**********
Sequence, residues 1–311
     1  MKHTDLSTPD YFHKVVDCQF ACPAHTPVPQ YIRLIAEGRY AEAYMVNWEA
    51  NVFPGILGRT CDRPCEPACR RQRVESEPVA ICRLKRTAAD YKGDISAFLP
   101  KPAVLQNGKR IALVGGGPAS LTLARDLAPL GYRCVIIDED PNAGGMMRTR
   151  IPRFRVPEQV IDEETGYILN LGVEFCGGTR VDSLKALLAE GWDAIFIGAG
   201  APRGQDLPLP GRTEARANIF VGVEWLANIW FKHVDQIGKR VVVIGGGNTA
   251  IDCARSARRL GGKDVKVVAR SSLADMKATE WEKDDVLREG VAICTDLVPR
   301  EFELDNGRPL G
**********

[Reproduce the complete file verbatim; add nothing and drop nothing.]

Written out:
Sequence, residues 1–311
     1  MKHTDLSTPD YFHKVVDCQF ACPAHTPVPQ YIRLIAEGRY AEAYMVNWEA
    51  NVFPGILGRT CDRPCEPACR RQRVESEPVA ICRLKRTAAD YKGDISAFLP
   101  KPAVLQNGKR IALVGGGPAS LTLARDLAPL GYRCVIIDED PNAGGMMRTR
   151  IPRFRVPEQV IDEETGYILN LGVEFCGGTR VDSLKALLAE GWDAIFIGAG
   201  APRGQDLPLP GRTEARANIF VGVEWLANIW FKHVDQIGKR VVVIGGGNTA
   251  IDCARSARRL GGKDVKVVAR SSLADMKATE WEKDDVLREG VAICTDLVPR
   301  EFELDNGRPL G